Desk and personal belongings.
Family members or a close work friend may want to handle the task of boxing up the in dividual’s personal belongings.
Changing the voice mail message, retrieving messages (voice mail and email), handling inquires intended for the deceased employee.
These tasks could be shared or rotated among staff to ease the emotional burden of having to tell callers that the employee has died. Prepare a brief statement to assist those who reply to calls.
Staff coverage for unfinished or future work assignments.
A temporary, short-term plan can be put into place until a more permanent decision can be made. It is best to put a temporary plan into action as soon as possible to lessen the level of anxiety that is already present among the staff. Make it clear what is needed and who is responsible.
It is best not to make any abrupt moves in regard to space changes; people need time to grieve the loss of their co- worker before seeing his or her workstation dismantled. In a month or so, there will be more acceptance of the changes which come from the loss of the co-worker.
The replacement employee.
Under the best of circumstances, a new employee needs to be prepared for possible negative comparisons with the deceased employee. If the deceased was particularly well-liked, the transition will be even more difficult. It is advisable to give staff notice of the new employee’s start date, relevant work background and to prepare them for the change. It is a normal part of accepting a loss to welcome someone new.
Loss of work productivity and motivation.
As the manager, expect the death of an employee to result in lower productivity and motivation for a brief time. The debriefing held soon after the announcement will ease the impact of loss, but it cannot be avoided entirely. Eventually, the work unit will return to its normal level of functioning.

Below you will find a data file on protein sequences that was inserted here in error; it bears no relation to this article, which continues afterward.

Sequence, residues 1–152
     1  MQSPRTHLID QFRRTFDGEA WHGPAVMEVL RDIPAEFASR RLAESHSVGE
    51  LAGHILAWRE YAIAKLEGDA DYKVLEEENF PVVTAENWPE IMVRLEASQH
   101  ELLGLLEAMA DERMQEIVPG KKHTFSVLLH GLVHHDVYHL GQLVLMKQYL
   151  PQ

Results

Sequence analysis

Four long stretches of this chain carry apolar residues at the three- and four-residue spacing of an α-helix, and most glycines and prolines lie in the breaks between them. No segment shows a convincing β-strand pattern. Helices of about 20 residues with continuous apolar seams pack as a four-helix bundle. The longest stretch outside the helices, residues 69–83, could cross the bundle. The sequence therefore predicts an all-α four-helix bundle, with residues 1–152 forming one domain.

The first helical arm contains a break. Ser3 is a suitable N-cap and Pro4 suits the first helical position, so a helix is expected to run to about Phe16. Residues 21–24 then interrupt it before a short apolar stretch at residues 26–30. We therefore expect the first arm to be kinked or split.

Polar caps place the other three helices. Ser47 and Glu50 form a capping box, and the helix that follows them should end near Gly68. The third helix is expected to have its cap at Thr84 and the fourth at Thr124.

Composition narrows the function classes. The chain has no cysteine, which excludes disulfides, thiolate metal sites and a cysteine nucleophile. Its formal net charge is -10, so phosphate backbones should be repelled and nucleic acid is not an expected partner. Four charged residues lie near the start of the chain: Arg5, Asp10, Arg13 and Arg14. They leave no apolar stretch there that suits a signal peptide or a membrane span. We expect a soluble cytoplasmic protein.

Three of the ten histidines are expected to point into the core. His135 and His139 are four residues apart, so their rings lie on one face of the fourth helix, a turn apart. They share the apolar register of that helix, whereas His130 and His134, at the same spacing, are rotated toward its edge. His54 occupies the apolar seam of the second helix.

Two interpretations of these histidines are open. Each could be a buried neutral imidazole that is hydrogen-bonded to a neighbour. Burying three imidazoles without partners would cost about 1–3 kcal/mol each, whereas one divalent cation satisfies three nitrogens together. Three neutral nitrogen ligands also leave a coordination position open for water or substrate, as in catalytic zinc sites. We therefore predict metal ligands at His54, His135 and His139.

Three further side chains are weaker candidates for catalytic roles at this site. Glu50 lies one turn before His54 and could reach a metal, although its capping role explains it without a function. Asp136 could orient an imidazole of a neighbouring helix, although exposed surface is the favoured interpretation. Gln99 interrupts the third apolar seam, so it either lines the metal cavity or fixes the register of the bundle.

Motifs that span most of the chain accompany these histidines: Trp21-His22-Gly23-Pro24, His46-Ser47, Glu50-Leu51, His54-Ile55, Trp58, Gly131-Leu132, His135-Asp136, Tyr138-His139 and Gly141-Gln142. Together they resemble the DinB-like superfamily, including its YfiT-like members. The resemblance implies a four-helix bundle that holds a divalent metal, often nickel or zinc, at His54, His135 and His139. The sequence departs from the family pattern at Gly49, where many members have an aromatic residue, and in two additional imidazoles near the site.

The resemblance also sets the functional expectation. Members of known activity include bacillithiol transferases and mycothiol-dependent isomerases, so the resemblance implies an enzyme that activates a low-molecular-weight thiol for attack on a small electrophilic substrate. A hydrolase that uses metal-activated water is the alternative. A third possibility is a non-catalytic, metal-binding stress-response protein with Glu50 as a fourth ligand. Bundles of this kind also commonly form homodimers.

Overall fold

Referring to the EAP.
If one to two months pass and you notice that one of your employees has not returned to his or her normal level of functioning and appears to still be grieving, talk to that employee, give them feedback on what you have observed and share your concerns about them. You may suggest that they seek counseling from your EAP. Often, a loss in one area of someone’s life, as in the loss of a co-worker, triggers unresolved feelings about previous losses or anticipated losses. This person may need extra assistance in coping with these feelings.
This article was written by Nancie Bowes Kenney, M.S.W. Edited by Mary McClain Georgevich
CopeLine is published by: COPE, Inc. 1120 G Street, NW Suite 550 Washington, DC
Necessary Losses, The Loves, Illusions, Dependencies, and Impossible Expectations That All of Us Have to Give Up in Order to Grow, Viorst, Judith, Fireside, 1998. Section IV, Chapters 16 through 20 are particularly significant in regards to loss and grief.
Death and Dying, Kubler-Ross, Elisabeth, Scribner, 1997.
When Bad Things Happen to Good People, Kushner, Harold, Avon, 1997.
As our aging population grows, the number of working caregivers does as well. The Alzheimer’s Association estimates there are 10 million caregivers for those affected by this disease, and most of these caregivers are in the workforce, and this is for Alzheimer’s only! Many times during the workday, a caregiving employee may need to drop everything to deal with a loved one’s health crisis. A friend of mine has gotten 3 calls in the last month from the emergency room regarding her mother, each time she was at work and had to leave to address the emergency. Luckily she has a flexible job. We have talked about some things she can do to be more pro-active with her employer.